Thursday, December 20th, 2007

The New Storm In New Orleans

By now you may have heard news of what are being called riots by residents and supporters of public housing in New Orleans against police and the NOLA City Council. In fact, peaceful demonstrators were met with Tasers and pepper spray.

This is a storm that has quickly gathered in the past few weeks. The issue at hand is the vote to destroy 5000 units of public housing in the city, a move that many believe is tantamount to permanently clearing poor Black residents from their home.

Today, the City Council was scheduled to vote on whether or not to approve that drastic, unconscionable step.

In the past few weeks, even NY Times architecture critic Nicolai Ourrossoff has decried this move as “ruthless indifference to local realities.”

At the same time, The Gulf Coast Recovery Act is up in the U.S. Senate. It will ensure that for every unit of housing demolished, another one will be replaced. This bill has been blocked by Republican Senator David Vitter who has said of the housing shortage, “I can’t imagine the need is as much as the need pre-Katrina.”

Here’s the latest from on-the-ground, via the Katrina Information Network, a broad network of residents and supporters that has been working on post-Katrina issues. More information is at the Defend New Orleans Housing website.

12/20/07 13:30p.m. -New Orleans Public Housing residents, and affordable housing advocates are being locked out of the New Orleans City Council (public meeting) proceedings and being harassed by multiple ‘law enforcement’ agencies as they attempt to conduct a peaceful show of support for a halt to the immoral and untimely demolition of the 4 largest housing developments during an unprecedented housing crisis in this city.

Approximately 500 participants who attended an opening press conference preceding City Council’s regularly scheduled session this morning were met with a show of force from several law enforcement agencies. Since 10:00a.m. this morning people have been peppered sprayed, locked out of the proceedings and 24 have been arrested.

Organizers on the ground in New Orleans are asking for supporters in the struggle for affordable decent housing and the right for all those displaced by Hurricane Katrina and the policies which hold blatant disregard for low-income and poor people to send out a call to:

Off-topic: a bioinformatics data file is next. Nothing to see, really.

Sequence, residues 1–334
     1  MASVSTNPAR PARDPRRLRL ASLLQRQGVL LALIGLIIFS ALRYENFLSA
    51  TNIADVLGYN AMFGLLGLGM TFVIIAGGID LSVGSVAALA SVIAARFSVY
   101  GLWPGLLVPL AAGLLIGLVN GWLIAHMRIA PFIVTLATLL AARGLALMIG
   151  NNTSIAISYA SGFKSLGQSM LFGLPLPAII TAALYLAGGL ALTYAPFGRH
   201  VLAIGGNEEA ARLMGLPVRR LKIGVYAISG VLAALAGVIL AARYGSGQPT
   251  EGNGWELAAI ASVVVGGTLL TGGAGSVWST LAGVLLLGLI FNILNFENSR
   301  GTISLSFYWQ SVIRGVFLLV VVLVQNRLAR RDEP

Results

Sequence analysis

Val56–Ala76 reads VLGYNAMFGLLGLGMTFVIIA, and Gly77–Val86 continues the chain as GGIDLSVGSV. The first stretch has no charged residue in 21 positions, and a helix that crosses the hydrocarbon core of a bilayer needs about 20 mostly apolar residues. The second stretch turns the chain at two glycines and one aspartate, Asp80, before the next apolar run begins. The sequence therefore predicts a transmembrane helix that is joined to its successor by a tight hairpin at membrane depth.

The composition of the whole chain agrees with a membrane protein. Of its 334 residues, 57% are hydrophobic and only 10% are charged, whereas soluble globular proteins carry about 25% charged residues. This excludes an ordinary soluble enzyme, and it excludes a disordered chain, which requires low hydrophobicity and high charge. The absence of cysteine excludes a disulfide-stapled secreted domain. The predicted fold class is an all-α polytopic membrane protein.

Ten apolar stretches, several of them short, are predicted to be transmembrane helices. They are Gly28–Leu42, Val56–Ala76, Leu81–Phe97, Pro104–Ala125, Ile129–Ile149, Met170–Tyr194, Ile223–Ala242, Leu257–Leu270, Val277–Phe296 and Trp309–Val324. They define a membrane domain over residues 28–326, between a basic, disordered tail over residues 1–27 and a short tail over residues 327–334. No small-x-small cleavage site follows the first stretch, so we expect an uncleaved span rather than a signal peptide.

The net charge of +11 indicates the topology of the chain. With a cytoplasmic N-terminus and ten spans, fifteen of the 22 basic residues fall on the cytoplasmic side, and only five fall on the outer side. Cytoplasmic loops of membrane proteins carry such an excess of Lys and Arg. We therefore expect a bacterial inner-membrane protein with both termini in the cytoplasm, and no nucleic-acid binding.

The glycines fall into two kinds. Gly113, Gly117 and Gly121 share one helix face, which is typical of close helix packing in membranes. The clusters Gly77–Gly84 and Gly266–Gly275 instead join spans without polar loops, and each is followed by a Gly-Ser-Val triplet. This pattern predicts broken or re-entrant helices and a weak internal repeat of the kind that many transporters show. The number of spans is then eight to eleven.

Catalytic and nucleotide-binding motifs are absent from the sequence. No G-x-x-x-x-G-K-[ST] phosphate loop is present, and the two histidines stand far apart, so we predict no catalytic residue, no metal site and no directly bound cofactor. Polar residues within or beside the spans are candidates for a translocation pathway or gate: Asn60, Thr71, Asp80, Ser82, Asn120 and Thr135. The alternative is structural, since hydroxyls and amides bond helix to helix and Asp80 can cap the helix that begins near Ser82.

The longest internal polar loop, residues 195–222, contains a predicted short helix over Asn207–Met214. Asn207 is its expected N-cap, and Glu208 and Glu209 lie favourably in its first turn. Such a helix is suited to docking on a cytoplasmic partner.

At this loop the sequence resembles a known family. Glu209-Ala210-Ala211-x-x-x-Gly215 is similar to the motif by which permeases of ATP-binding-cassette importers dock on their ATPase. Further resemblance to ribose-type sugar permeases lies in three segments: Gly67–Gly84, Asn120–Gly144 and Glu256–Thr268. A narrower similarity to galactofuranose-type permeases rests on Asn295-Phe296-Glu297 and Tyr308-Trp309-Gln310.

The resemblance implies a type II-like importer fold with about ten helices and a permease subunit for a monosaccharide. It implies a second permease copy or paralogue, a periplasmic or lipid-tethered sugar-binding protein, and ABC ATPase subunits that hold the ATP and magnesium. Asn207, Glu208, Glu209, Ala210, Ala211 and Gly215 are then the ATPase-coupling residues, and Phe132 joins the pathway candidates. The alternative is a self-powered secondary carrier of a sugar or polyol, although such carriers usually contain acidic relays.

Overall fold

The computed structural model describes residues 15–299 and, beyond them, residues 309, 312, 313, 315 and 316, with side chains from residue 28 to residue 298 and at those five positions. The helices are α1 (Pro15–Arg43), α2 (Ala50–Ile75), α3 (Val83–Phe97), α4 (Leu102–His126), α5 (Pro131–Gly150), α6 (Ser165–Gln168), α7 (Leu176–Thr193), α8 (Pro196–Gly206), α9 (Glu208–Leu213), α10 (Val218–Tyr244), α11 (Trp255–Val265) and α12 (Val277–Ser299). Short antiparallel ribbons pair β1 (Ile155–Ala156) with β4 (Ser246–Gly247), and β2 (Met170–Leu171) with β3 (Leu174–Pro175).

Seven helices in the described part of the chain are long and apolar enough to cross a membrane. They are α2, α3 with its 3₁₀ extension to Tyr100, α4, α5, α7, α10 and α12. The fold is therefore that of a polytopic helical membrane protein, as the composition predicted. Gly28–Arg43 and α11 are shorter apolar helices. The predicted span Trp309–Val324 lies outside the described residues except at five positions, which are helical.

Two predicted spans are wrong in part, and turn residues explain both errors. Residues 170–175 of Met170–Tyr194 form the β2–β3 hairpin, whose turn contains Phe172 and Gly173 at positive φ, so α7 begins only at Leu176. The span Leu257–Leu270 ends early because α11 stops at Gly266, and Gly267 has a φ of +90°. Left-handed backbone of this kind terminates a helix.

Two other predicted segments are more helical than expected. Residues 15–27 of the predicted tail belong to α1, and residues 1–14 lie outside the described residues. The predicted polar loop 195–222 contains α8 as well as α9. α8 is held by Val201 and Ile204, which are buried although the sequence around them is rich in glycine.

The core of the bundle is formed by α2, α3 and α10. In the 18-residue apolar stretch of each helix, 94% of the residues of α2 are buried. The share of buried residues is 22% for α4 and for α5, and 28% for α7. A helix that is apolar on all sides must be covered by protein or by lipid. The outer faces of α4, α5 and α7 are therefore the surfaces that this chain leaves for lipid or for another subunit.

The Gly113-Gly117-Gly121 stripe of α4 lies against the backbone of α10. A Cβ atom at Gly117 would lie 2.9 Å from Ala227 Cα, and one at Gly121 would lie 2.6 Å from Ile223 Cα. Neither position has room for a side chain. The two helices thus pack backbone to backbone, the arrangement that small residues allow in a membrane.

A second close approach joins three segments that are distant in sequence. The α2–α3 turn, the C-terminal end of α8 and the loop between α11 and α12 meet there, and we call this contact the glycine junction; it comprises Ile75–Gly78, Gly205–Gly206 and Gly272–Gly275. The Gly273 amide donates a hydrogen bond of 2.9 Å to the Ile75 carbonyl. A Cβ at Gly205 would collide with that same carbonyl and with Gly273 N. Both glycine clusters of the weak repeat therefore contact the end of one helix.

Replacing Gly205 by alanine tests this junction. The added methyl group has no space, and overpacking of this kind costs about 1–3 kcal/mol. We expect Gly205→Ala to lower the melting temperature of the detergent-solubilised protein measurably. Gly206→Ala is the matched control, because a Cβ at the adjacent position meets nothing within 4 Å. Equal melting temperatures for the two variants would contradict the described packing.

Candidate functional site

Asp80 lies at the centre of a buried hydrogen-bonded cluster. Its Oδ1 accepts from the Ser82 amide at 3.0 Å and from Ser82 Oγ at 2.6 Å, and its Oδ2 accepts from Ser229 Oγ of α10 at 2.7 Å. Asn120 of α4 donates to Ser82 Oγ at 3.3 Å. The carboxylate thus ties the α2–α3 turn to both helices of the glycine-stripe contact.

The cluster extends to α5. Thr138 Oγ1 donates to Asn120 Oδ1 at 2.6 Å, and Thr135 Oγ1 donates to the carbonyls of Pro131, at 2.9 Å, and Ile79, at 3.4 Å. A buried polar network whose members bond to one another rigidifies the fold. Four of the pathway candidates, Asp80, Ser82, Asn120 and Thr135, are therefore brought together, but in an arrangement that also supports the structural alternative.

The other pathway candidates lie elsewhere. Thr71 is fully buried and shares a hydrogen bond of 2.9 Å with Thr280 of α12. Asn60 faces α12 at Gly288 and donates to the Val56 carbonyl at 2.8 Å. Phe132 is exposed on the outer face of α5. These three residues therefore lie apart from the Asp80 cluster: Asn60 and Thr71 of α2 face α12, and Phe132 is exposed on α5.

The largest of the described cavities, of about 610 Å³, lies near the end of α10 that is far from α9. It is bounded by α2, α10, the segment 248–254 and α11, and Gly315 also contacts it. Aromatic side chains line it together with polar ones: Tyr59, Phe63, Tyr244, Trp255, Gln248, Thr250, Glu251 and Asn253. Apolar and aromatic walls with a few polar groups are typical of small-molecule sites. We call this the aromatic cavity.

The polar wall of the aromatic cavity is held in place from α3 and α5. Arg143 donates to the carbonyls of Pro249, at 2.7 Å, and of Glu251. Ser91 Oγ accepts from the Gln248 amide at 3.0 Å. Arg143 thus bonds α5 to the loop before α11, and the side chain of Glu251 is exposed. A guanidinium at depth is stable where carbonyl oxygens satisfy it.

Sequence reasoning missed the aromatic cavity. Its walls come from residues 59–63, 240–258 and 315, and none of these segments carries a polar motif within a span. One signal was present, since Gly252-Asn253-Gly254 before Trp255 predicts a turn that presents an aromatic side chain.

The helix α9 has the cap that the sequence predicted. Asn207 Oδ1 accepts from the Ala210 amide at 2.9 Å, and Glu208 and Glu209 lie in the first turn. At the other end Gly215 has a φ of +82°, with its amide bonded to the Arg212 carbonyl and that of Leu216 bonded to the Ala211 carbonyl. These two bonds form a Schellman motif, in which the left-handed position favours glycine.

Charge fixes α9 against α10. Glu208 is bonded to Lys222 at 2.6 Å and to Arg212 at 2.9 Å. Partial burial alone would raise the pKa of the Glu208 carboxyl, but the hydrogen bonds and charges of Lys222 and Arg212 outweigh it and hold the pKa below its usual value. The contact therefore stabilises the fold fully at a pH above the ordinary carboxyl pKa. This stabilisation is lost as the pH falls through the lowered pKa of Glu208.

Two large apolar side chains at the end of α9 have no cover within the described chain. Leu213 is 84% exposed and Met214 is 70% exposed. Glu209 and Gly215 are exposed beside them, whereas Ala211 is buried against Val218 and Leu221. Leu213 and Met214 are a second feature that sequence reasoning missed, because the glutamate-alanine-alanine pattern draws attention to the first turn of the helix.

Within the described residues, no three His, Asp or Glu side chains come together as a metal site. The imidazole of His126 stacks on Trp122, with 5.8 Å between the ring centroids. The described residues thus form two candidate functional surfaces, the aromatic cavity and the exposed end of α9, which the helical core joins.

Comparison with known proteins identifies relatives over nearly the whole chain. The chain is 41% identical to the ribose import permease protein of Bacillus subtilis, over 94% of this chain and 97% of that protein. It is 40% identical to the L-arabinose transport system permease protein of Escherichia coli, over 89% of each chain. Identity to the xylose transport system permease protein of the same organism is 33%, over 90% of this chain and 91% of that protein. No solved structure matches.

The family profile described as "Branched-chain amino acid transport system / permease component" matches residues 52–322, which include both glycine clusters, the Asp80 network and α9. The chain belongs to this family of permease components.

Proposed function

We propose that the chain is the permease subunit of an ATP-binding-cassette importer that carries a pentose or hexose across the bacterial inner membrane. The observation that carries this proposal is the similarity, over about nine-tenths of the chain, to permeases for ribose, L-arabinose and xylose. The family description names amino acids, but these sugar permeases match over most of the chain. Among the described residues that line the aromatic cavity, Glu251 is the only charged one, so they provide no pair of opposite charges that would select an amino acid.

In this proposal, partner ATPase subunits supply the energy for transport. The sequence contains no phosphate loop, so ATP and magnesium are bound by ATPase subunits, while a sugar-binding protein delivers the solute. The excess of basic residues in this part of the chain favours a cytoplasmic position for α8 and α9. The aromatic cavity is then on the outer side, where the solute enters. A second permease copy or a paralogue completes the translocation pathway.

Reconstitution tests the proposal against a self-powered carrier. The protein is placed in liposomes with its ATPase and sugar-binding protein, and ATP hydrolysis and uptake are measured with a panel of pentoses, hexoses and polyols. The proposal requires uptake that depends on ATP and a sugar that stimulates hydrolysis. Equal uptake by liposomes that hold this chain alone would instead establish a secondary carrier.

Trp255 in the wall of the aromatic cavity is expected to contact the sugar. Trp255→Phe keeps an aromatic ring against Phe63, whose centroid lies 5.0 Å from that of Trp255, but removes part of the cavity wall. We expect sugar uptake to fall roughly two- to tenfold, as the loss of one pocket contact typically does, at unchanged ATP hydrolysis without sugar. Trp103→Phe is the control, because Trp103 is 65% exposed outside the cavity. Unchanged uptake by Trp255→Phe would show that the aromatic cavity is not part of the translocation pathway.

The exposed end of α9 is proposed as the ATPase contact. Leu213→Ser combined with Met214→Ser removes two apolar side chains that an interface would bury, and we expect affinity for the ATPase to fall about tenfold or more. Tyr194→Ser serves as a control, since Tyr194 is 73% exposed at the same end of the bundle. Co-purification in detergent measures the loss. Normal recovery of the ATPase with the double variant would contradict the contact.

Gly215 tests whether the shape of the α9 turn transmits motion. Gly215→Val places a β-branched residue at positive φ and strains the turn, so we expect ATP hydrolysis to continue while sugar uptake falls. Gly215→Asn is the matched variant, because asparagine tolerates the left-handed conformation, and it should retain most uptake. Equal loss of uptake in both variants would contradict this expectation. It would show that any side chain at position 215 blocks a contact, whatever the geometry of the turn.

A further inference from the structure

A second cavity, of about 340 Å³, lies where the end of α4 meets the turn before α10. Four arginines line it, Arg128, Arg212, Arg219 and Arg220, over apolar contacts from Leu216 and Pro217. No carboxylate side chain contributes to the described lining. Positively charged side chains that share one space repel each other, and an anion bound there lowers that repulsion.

1.Get on the Phone- Call your congressional and senate representatives urging them to support the passage of SB 1668- the New Orleans Housing Recovery Act, currently awaiting a vote in the Senate Banking, Housing and Urban Affairs Committee. There is a list of phone numbers here.

2.Send out Mail and Make Calls – Send word to New Orleans elected officials that their way of working with recovery issues is inhumane and until the broad constituency they were elected to represent are treated with the respect they deserve and represented in the process of redeveloping their city their plans are hinged on the backs of the very people that make this city the unique and special place that it is.

Council Members
Arnie Fielkow (President)
City Hall, Room 2W40
1300 Perdido Street
New Orleans, LA 70112

Phone: (504) 658-1060
Fax: (504) 658-1068
Email:AFielkow@cityofno.com

Jacquelyn Brechtel Clarkson (Vice President)
City Hall, Room 2W50
1300 Perdido Street
New Orleans, LA 70112

Phone: (504) 658-1070
Fax: (504) 658-1077
jbclarkson@cityofno.com

Shelley Midura District A
City Hall, Room 2W80
1300 Perdido Street
New Orleans, LA 70112

Phone: (504) 658-1010
Fax: (504) 658-1016
Email:SMidura@cityofno.com

Stacy S. Head District B
City Hall, Room 2W10
1300 Perdido Street
New Orleans, LA 70112

Phone: (504) 658 -1020
Fax: (504) 658-1025
Email:SHead@cityofno.com

James Carter District C
City Hall, Room 2W70
1300 Perdido Street
New Orleans, LA 70112

Phone: (504) 658-1030
Fax: (504) 658-1037
Email: JCarter@cityofno.com

Cynthia Hedge-Morrell District D
City Hall, Room 2W20